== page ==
News Ticker

Song birds tap dance to impress potential mates

A recent study shows that certain types of songbirds both sing and tap dance to attract mates. Credit: Nao Ota

A new study reveals that songbirds are able to flirt, woo, and communicate with each other through a type of dancing that is undetectable by most other animals, according to a study published in Scientific Reports.

The dances were captured using high-speed cameras. Researchers had to use the technique because the birds’ fancy footwork is otherwise invisible to humans, Discovery News reports. In fact, the motion is so fast that even normal digital video cameras cannot capture it.

However, the birds have higher visual sensitivity–known as a “higher flicker fusion threshold”–that allows them to both see and hear the dancing.

Researchers observed the behavior in songbirds known as the blue-capped cordonbleu and the red-cheeked cordonbleu, from the genus Uraeginthus. They also suspect that other songbirds, such as the blue-breasted cordonbleu, the purple grenadier, and the common grenadier also sing and dance in a similar way.

Normally, loud singing is used to attract other birds in the area, but the dance moves are much more intimate. The behavior is usually reserved for visual and sensual communications directed at a potential mate. The study also shows that female songbirds can perform courtship displays with the same skill as their male counterparts.

During the research, the team also discovered that the birds would often wave around twigs or other eye-catching objects during their performance. This led the team to suspect the routines are intricate courtship displays designed to bring a male and female together.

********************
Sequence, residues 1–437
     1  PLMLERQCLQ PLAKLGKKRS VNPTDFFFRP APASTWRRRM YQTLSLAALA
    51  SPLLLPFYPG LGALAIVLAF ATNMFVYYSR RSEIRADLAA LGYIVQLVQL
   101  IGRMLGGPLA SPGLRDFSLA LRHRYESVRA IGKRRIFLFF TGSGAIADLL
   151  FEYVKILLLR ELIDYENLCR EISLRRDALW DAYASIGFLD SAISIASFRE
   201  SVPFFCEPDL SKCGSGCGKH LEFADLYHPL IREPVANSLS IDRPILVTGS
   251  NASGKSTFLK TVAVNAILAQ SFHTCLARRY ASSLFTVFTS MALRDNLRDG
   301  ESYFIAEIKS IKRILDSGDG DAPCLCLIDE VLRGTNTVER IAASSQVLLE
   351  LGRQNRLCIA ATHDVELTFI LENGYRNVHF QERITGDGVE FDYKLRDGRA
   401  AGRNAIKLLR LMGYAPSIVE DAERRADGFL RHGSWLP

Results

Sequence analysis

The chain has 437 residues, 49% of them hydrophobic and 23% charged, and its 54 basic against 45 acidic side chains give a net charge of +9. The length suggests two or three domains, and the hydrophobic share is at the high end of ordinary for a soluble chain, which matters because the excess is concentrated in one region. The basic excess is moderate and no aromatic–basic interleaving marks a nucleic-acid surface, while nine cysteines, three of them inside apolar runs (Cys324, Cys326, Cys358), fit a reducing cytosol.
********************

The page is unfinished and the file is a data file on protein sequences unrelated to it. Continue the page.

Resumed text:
“They show very quick steps and make sounds by such steps. They perform tap dance to impress potential mates,” study author Masayo Soma told The Christian Science Monitor.

Complex high speed foot-tapping adds a visual component to the courtship display. It may also be used to demonstrate how physically fit the dancing bird is or to add an acoustic element to the routine.

Both male and female cordonbleu songbirds are extremely choosy. Scientists think that tendency may have contributed to the evolution of the elaborate song and dance routines.

Joseph Scalise

Joseph Scalise

Staff Writer
Joseph Scalise is an experienced writer who has worked for many different online websites across many different mediums. While his background is mainly rooted in sports writing, he has also written and edited guides, ebooks, short stories and screenplays. In addition, he performs and writes poetry, and has won numerous contests. Joseph is a dedicated writer, sports lover and avid reader who covers all different topics, ranging from space exploration to his personal favorite science, microbiology.
About Joseph Scalise (1790 Articles)
Joseph Scalise is an experienced writer who has worked for many different online websites across many different mediums. While his background is mainly rooted in sports writing, he has also written and edited guides, ebooks, short stories and screenplays. In addition, he performs and writes poetry, and has won numerous contests. Joseph is a dedicated writer, sports lover and avid reader who covers all different topics, ranging from space exploration to his personal favorite science, microbiology.